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9.2: Tag Rules

  • Page ID
    51581
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    HTML is a language, and it, as all languages do, has rules that make it make sense to the web browser. Just as the English language doesn't make sense when you break grammar rules, neither does HTML when you break tag rules. The difference is, most English speakers will still understand what you are trying to say when you break a grammar rule; the web browser will not understand when you break a tag rule. So let's look at some of these rules.

    When you look at a line of HTML, you'll see information enclosed in brackets < > throughout the code. This denotes a tag. A tag is what tells web browsers what each item on the page is; it tells the web browser how to classify that information. For example, a paragraph would be classified by a

    tag.

    Rule #1

    Most tags have an opening tag and a closing tag that surround the information it is classifying or effecting. An opening tag is just the brackets with the tag enclosed, like so:

    . A closing tag is the same thing, except there is a forward slash at the front of the tag, like so: </p>. When tagging a paragraph with the

    tag, it would look like the example.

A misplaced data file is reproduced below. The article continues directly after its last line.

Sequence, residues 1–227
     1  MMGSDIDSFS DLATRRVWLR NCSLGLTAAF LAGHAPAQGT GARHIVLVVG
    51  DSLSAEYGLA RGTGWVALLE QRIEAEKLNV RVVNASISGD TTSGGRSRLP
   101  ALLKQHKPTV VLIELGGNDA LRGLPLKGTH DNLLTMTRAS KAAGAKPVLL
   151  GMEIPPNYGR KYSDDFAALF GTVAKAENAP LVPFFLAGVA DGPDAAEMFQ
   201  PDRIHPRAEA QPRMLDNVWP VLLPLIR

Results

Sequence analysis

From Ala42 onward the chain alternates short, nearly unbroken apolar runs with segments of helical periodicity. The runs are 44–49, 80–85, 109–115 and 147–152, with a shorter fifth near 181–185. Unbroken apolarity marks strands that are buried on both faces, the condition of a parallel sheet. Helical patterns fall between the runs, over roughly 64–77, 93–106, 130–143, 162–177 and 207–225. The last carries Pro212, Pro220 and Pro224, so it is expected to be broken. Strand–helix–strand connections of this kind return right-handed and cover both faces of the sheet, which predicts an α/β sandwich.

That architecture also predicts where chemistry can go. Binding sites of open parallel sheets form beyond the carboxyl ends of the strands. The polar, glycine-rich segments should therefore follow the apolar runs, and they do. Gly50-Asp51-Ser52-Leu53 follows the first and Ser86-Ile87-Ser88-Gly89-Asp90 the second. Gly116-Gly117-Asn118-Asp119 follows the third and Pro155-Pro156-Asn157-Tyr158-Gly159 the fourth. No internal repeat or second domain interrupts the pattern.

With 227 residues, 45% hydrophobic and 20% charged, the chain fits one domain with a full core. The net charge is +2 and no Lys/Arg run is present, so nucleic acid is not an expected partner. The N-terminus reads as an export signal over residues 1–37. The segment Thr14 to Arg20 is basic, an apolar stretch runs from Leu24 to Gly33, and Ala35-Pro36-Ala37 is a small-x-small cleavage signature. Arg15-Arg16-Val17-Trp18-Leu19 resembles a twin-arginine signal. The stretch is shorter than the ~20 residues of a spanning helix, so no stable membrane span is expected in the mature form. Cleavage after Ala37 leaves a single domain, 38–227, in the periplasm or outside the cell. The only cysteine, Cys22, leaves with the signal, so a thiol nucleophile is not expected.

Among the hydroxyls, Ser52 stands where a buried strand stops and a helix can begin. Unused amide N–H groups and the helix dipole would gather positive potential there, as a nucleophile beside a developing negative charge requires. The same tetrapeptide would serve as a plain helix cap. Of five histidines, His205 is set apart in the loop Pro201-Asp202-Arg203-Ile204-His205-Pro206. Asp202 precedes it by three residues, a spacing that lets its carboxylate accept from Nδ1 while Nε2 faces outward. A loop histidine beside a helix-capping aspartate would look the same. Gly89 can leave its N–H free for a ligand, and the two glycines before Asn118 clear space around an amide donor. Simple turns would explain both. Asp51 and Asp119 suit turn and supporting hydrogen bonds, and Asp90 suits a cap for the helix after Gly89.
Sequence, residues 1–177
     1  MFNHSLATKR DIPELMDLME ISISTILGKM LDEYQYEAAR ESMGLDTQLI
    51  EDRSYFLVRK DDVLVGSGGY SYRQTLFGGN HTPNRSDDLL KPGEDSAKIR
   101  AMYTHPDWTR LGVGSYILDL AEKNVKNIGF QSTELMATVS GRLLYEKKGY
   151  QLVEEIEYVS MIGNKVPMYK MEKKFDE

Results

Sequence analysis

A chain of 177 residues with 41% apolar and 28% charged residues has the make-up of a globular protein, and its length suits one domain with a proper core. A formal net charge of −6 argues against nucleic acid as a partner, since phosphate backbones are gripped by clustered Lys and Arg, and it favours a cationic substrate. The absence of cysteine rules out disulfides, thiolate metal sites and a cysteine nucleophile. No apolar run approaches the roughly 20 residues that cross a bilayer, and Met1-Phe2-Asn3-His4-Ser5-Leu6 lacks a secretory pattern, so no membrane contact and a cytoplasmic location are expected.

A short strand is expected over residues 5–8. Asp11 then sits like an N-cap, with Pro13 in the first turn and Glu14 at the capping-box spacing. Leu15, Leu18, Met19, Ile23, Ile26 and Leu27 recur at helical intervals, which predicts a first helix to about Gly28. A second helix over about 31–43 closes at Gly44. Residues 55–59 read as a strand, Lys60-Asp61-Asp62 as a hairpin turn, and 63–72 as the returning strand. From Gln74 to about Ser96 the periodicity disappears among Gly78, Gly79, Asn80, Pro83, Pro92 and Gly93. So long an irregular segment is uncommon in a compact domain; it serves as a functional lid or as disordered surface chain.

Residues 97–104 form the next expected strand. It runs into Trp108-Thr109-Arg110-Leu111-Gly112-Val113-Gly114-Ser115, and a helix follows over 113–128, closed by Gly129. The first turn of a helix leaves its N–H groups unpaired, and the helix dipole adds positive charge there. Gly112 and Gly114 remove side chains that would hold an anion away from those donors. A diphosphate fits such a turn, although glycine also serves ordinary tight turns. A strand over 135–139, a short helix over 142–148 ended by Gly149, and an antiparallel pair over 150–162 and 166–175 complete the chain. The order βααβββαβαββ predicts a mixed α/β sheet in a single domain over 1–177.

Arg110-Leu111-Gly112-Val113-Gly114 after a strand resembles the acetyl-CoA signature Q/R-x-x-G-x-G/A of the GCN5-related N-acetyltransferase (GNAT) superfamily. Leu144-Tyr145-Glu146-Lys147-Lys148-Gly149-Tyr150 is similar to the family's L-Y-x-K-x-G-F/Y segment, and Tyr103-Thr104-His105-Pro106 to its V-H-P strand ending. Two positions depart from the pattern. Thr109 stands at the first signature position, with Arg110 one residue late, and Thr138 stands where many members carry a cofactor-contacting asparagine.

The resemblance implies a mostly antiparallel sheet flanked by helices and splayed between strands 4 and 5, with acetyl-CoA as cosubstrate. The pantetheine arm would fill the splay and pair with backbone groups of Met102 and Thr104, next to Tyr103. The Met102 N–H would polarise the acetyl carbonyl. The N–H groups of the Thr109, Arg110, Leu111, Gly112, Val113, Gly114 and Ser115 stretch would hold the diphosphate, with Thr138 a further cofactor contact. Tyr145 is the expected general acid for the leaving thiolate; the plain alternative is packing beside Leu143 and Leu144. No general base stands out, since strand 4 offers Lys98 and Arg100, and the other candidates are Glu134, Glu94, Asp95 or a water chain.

This is a paragraph about how to properly tag a paragraph. To tag a paragraph, you have to start with an opening paragraph tag, type the paragraph, and then end with a closing paragraph tag. This is how most sections of simple paragraph text are tagged. </p>

    Rule #2

    Rule #1 does not always apply. Not all tags have to have a closing tag, and you just have to remember those. We will learn about some basic tags in the next section, where we talk about a few that do not require a closing tag.

    Rule #3

    Opening and closing tags must be nested to work. That is, the last tag you open should be the first tag you close, as shown in the example.

    <body>

    .This is a paragraph in the body of the webpage. As you see, I opened the body tag first, and then the paragraph tag; if I am nesting the tags, then I have to close the paragraph tag first, and then close the body tag.</p>

    </body>


    This page titled 9.2: Tag Rules is shared under a CC BY license and was authored, remixed, and/or curated by Tiffani Reardon, Tammy Powell, Jonathan Arnett, Monique Logan, & Cassie Race.

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